Be honest we’ve all had a grudge or resentment that we cling onto, analyse and allow to spiral out of control.
Whether it’s the party you weren’t invited to, the friend who owed you money and didn’t pay it back or the family member who criticises you to others.
An outsider may think some of these hurts are trivial, but they’ve built up to be a real issue for you. That means you’re going to hold onto the grudge and poke it every so often to check it’s still painful.
The problem with hanging onto your grievances is that the only person their hurting is you.
When you can forgive the perpetrator, it’s not them who benefits but you.
Research has shown that when you harbour a grudge, your brain thinks it’s under threat and releases the hormones cortisol and adrenaline. The job of these hormones is for fight or flight, so you go into an anxious and stressed state.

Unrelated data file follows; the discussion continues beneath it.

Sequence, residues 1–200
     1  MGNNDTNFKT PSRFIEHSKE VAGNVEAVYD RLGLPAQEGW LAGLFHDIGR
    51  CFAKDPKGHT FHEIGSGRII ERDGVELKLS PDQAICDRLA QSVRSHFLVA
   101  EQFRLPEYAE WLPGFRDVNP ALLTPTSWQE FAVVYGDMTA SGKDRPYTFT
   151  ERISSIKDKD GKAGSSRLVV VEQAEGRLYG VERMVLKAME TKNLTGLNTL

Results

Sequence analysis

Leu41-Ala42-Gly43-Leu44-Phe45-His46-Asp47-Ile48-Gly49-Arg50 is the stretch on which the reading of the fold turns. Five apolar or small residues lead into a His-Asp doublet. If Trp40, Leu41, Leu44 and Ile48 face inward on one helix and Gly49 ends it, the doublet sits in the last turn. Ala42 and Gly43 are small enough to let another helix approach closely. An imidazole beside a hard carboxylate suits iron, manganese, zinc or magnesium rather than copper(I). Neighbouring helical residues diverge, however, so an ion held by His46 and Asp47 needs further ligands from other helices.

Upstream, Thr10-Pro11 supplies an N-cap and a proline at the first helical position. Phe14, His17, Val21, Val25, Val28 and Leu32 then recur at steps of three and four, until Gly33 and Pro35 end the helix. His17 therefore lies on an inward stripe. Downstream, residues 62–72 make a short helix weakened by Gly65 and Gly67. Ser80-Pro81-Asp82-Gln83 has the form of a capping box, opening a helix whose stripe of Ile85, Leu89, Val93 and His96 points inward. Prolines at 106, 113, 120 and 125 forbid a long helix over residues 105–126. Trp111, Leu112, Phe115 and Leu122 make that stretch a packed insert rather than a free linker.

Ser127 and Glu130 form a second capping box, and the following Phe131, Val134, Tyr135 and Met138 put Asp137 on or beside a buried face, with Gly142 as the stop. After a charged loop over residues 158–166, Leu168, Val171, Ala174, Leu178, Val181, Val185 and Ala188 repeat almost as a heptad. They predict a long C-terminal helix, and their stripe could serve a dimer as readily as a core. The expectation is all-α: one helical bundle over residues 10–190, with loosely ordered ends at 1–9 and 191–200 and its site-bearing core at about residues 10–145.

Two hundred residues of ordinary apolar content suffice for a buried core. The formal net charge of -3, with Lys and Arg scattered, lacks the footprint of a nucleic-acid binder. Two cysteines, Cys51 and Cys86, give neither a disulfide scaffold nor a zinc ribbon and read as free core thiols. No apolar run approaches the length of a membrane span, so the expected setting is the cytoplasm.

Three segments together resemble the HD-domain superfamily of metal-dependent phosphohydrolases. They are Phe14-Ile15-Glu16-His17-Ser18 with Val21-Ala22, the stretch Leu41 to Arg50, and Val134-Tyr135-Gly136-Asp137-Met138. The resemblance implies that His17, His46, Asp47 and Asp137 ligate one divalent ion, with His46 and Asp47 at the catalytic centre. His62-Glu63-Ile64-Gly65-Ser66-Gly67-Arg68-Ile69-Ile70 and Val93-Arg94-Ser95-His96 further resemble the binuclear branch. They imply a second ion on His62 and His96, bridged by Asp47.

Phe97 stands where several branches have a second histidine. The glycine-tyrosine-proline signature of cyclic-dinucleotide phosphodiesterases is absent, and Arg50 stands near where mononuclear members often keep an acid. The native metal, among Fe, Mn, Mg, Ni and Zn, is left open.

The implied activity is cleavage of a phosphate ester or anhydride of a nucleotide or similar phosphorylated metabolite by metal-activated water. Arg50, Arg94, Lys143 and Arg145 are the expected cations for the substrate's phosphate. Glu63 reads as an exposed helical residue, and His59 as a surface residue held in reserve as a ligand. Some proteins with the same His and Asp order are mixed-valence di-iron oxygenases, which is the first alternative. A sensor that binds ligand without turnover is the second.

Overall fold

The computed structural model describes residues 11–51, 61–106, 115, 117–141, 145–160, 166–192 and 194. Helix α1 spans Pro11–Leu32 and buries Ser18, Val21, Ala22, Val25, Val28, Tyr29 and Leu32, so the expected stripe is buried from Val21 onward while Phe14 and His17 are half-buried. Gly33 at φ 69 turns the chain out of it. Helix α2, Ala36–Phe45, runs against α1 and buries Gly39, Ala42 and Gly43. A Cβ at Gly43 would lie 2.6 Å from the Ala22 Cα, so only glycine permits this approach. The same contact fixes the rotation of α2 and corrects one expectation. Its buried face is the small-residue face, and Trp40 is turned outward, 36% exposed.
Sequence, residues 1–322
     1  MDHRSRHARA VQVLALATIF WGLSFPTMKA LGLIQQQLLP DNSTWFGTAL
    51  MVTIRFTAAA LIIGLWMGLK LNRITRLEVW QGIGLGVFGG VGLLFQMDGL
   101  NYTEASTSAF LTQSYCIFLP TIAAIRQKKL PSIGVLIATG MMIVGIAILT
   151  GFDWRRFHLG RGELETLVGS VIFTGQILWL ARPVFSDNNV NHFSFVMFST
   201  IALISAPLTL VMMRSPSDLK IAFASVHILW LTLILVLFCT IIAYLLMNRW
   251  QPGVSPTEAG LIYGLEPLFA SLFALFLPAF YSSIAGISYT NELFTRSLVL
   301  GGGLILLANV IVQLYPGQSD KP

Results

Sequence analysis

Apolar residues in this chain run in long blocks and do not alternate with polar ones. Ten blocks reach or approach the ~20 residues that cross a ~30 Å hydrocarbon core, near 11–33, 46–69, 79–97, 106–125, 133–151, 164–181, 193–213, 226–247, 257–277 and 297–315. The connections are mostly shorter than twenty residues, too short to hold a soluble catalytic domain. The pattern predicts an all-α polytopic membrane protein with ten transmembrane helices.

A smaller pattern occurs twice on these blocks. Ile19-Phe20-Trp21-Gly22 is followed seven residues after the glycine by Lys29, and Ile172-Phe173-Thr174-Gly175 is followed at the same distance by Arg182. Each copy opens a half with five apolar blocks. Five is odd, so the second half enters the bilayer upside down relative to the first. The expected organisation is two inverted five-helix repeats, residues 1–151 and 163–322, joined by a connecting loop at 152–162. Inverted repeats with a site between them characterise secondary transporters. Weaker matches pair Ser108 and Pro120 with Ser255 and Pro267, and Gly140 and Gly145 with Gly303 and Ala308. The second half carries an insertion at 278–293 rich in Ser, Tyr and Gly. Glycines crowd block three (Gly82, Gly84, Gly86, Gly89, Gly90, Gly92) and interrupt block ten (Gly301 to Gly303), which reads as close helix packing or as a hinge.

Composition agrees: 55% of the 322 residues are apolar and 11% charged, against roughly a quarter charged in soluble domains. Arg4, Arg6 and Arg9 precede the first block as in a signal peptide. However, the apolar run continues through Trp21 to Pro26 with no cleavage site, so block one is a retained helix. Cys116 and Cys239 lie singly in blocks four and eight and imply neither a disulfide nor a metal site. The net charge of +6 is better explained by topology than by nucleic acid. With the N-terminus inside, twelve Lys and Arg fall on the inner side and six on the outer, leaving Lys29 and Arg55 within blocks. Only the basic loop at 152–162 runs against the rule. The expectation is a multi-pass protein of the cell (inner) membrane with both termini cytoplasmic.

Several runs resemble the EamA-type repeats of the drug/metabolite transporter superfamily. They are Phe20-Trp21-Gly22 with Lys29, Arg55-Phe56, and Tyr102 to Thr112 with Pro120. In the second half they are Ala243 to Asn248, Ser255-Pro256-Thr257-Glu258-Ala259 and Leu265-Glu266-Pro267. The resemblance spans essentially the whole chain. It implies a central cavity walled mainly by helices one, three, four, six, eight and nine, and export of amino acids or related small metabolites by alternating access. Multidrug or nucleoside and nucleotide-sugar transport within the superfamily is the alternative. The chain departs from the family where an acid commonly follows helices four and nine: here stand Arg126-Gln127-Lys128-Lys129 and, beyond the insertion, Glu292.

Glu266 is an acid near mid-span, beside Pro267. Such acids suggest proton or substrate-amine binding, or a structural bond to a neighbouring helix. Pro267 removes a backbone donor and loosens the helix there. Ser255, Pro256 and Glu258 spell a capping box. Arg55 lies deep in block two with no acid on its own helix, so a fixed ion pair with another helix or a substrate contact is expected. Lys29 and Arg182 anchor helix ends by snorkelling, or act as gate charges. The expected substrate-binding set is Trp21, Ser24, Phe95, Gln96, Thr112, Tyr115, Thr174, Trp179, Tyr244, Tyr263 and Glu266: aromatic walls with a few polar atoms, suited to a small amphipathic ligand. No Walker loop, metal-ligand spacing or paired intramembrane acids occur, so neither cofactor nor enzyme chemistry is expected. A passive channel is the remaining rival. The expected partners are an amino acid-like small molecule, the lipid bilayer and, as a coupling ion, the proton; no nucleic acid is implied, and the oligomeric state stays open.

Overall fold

However, if you can forgive the grudge, you stop feeling like a victim and become more optimistic, confident and compassionate.
Does it matter who is right or wrong if you’re the only one in pain?
How do I let my grudges go?
Do you find yourself playing little films in your mind of a painful situation and reinforcing your resentments?
To change your perspective on the scenario, imagine yourself connected to the other person by strings. Then visualise yourself cutting those strings and floating away with compassion.
It’s also true that when we find it hard to forgive others. It’s because we also need to forgive ourselves for our part of the experience.
Finally, remember that everyone is trying to do their best with the resources and experiences they have (including you). If you assume there is another reason you don’t know about for the other person’s behaviour. It becomes easier to put down your load of resentment. Then you’ll feel lighter, happier and self-assured.